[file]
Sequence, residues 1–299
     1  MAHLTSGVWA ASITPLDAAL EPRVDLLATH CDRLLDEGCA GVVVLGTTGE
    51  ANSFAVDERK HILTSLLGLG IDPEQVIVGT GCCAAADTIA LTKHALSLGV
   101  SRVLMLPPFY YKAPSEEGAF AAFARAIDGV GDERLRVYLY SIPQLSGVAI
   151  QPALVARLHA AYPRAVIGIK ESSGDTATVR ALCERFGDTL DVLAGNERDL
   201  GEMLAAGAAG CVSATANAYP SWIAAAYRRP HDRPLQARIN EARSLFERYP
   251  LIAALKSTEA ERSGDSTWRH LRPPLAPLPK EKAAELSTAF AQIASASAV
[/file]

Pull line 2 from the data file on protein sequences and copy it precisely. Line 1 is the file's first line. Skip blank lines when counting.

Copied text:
     1  MAHLTSGVWA ASITPLDAAL EPRVDLLATH CDRLLDEGCA GVVVLGTTGE